The Third District Court also adopted the two-year rule. In the 2014 case of Prairie Rheumatology Associates, S.C. v. Francis, the court held that a physician, who left the practice after 19 months, was not bound by her non-competition agreement. Some federal court judges, however, have expressed skepticism that the Illinois Supreme Court would adopt the two-year rule. In February, Judge J.B. McDade of the Central District noted that the two-year rule in Fifield is “overprotective of employees, and risks making post-employment restrictive covenants illusory for employers subject completely to the whimsy of the employee as to the length of his employment.”

This ongoing debate is by no means settled. In fact, Justice David Ellis disagreed with the majority of the court in the McInnis decision. In his dissent, Justice Ellis stated that he does not believe that a per se rule exists in Illinois nor that a bright-line, two-year rule is warranted.  We will have to wait and see what happens.

Until the issue is settled by the Illinois Supreme Court, employers should review their existing restrictive covenants to ensure that there is sufficient consideration in light of these court decisions and should carefully analyze what consideration is being offered in agreements currently being negotiated. This additional consideration can take the form of added bonuses, additional benefits such as more sick or vacation time, or other incentives particular to the individual business and employees.

OSC TAL on Pre-Population of the Electronic Form I-9: Making Life Easier or a Headache?

Contributed by Jacqueline Lentini McCullough

In a Technical Assistance Letter (TAL) dated August 20, 2013 from the Department of Justice’s (“DOJ”) Office of Special Counsel, Deputy Special Counsel Seema Nanda, discourages pre-population of employee information in Section 1 of the I-9 Form by electronic I-9 programs due to potential discrimination concerns. Similarly, the Immigration and Customs Enforcement (“ICE”) has indicated that pre-population of Section 1 is impermissible.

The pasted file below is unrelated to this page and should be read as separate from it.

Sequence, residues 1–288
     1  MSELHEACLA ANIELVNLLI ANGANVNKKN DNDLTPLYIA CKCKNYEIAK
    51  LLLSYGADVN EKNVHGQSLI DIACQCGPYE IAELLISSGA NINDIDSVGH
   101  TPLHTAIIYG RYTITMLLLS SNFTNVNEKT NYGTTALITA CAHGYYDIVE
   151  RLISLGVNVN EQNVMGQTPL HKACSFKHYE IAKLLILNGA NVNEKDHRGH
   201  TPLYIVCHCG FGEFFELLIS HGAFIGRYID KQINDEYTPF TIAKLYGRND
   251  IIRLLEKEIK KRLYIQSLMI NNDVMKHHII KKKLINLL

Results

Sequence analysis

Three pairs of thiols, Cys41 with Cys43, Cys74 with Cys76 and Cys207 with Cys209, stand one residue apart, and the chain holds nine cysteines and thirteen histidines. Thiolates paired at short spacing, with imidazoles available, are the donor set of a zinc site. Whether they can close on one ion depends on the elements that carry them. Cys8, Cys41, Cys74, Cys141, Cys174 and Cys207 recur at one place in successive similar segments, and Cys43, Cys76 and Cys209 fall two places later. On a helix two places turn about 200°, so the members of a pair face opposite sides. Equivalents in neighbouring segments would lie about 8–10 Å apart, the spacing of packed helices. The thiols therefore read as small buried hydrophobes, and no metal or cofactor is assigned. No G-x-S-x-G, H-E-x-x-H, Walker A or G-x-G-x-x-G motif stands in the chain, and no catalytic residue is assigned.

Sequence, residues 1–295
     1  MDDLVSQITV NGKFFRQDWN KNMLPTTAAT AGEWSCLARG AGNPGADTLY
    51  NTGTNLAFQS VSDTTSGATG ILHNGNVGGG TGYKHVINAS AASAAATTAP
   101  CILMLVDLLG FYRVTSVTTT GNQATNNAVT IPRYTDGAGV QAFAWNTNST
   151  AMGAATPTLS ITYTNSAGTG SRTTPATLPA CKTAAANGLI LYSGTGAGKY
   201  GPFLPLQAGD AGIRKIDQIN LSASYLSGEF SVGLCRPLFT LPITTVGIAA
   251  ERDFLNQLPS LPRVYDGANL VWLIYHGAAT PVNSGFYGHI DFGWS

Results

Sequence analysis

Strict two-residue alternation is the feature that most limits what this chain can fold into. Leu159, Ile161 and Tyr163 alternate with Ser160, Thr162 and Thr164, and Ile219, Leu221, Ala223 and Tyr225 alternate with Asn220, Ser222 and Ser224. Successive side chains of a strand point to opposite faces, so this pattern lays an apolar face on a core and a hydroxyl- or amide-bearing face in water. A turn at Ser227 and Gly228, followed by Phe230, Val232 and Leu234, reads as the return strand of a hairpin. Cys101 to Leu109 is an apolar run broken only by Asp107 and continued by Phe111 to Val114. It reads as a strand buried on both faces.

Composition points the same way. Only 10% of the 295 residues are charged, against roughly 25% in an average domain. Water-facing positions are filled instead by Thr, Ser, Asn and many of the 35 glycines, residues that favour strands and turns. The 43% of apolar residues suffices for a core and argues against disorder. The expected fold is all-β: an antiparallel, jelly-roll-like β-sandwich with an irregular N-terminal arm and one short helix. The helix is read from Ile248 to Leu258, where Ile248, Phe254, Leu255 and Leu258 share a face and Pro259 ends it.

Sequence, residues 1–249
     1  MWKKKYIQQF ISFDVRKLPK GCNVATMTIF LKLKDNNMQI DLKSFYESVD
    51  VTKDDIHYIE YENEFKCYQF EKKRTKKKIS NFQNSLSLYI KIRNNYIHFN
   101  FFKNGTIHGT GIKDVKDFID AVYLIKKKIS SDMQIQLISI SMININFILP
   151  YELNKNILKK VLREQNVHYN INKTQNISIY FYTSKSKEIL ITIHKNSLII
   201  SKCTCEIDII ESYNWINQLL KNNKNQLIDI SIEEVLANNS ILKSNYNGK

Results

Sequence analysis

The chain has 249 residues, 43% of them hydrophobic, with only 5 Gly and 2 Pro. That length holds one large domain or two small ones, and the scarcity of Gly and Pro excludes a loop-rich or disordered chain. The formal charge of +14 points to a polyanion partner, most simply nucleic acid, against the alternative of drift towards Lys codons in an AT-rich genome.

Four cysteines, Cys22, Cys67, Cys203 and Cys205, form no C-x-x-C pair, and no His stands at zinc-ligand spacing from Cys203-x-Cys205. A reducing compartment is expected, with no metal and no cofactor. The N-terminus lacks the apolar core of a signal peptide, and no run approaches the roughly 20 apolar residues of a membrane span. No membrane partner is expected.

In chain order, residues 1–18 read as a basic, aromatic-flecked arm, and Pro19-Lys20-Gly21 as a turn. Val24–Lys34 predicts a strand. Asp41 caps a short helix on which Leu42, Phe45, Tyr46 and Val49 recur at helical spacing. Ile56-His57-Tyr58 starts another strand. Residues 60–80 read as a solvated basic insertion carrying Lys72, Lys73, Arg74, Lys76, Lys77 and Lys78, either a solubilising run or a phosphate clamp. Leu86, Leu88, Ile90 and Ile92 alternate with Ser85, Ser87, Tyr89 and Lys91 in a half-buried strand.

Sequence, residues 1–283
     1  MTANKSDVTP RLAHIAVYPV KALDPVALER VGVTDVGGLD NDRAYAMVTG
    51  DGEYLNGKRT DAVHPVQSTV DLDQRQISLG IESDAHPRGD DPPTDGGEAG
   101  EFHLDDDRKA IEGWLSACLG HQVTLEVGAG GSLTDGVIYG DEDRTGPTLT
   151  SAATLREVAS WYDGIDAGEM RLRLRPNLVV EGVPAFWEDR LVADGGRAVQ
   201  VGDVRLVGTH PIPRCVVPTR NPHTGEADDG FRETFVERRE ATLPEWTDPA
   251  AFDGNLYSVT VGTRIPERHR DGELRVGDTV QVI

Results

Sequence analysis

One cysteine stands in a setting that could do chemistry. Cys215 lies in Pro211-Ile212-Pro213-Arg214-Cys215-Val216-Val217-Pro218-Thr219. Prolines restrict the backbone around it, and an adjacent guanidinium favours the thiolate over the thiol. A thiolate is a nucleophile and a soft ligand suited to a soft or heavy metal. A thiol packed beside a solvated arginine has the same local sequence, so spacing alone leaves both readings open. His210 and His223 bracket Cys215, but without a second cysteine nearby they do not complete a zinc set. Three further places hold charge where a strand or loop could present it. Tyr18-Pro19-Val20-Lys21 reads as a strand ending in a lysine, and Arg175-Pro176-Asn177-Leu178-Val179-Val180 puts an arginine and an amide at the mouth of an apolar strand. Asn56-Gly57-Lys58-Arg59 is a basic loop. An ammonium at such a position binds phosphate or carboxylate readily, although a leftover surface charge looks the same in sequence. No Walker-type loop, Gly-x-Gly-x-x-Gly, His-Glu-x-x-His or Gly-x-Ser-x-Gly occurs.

Pursuant to federal law, a person or entity that hires, recruits or refers an individual for employment must verify the identity and employment authorization of each person hired, recruited or referred. The form designated for that purpose is the form I-9. The form I-9 specifies that Section 1 be completed by the employee. If an individual is unable to complete the form I-9 or needs it translated, someone may assist him or her in the preparation. A preparer or translator must read the form I-9 to the individual, assist him/her in completing Section 1 and have the individual sign or mark the form I-9 by a handwritten or an electronic signature attached at the time of the transaction.

The Office of Special Counsel (“OSC”) oversees Immigration Related Unfair Employment Practices. As such, the OSC discourages the practice of an employer pre-populating Section 1 with previously obtained employee information. This practice increases the likelihood of including inaccurate or outdated information in Section 1. Inaccurate or outdated information in Section 1 may lead an employer to reject documents presented or demand specific documents for Section 2 purposes. Furthermore, if an employer uses outdated or inaccurate information to submit an E-Verify query, a mismatch may result because the status or name in government databases conflicts with the employer’s outdated information.

Moreover, from the perspective of the anti-discrimination provision, employers relying on previously gathered employee information may be more likely to overlook that a particular employee has limited English proficiency (“LEP”) because Section 1 has been pre-populated by the employer. As a result, the employer may fail to provide the employee with translation or interpretation assistance in order to ensure the accuracy of Section 1, thereby assisting the employee’s understanding of the request for documents relating to Section 2.